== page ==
Should the city of El Paso, Texas, be allowed to turn itself into a No-Vending Zone in order to protect brick-and-mortar restaurants from competition?
That is the question to be answered by a major federal lawsuit filed today by the Institute for Justice—a national civil liberties law firm—and El Paso mobile food vendors. The attorneys and food vendors will be available for interviews immediately following today’s 10:30am news conference. The lawsuit launches the Institute’s National Street Vending Initiative, a nationwide litigation and activism effort to vindicate the right of street vendors to earn an honest living.
Practiced since ancient times, street vending is more popular than ever. The Economist magazine predicted that this year “some of the best food Americans eat may come from a food truck.” Vendors are the darlings of many food critics, and they even have their own reality show on the Food Network.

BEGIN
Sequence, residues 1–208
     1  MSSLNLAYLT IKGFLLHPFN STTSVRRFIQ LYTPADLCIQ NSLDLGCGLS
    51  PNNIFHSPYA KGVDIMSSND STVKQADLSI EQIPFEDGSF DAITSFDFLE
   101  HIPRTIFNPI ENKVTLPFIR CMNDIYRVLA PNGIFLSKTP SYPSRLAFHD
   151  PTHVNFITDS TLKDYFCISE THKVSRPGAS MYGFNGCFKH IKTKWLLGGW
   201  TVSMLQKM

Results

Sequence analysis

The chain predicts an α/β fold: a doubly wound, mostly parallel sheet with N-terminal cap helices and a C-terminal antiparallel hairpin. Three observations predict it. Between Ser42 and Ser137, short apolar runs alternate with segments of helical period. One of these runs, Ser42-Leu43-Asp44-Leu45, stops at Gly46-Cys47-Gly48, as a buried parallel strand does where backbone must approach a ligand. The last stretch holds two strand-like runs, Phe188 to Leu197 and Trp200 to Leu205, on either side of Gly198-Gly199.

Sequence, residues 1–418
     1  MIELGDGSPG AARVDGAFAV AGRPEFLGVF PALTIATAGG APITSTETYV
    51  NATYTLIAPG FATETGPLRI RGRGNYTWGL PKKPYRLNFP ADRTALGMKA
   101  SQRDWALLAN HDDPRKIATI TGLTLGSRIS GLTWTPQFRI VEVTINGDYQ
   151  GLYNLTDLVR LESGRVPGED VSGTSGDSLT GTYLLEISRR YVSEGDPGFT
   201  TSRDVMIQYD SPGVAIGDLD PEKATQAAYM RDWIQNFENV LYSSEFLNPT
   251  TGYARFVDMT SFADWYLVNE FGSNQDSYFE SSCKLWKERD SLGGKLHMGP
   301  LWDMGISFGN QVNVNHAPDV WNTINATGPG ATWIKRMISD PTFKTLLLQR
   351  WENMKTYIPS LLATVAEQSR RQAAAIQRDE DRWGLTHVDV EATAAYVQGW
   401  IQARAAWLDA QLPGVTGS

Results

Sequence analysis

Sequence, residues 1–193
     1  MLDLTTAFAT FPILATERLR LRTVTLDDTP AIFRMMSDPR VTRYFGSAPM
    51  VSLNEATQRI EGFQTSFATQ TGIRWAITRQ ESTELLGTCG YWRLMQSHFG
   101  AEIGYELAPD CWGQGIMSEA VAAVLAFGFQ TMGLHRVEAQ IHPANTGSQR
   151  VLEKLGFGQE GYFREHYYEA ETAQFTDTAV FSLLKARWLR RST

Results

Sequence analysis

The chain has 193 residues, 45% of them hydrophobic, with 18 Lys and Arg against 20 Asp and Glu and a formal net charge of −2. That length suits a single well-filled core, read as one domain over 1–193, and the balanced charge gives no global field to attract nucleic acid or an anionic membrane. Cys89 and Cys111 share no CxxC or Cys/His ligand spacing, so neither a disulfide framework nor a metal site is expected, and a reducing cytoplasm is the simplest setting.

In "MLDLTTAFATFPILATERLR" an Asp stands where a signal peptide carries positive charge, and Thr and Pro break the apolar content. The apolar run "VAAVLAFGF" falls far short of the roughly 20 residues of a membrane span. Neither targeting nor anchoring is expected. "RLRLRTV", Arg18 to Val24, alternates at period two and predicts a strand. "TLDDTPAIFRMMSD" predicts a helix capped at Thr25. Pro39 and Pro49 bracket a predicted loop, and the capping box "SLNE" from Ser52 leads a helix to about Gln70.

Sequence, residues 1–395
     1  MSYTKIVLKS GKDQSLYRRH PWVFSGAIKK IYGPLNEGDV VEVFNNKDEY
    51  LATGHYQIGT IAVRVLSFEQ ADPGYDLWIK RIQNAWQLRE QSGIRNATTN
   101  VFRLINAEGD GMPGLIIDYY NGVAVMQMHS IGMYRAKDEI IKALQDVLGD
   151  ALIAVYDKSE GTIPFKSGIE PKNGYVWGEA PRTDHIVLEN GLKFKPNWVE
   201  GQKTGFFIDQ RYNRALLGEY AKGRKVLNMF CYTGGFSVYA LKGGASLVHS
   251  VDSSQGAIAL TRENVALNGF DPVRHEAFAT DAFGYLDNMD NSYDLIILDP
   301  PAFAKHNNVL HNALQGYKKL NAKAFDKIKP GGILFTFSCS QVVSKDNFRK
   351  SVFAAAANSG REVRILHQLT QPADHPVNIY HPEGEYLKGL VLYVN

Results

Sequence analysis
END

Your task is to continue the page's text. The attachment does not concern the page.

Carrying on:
But El Paso, Texas, has recently made it illegal for mobile food vendors to operate within 1,000-feet of any restaurant, convenience store, or grocer. The city even prohibits vendors from parking to await customers, which forces vendors to constantly drive around town until a customer successfully flags them down--and then be on the move again as soon as the customer walks away.-El Paso Mobile Food Vendors File Major Federal Lawsuit Against City
Thursday, January 27, 2011
Food Cart Vendors vs. "The Man"
Posted by Nick
Institute for Justice's Matt Miller launches challenge of El Paso's unconstitutional mobile vending prohibition that prevents food trucks from operating within 1000 feet of brick-and-mortar competition.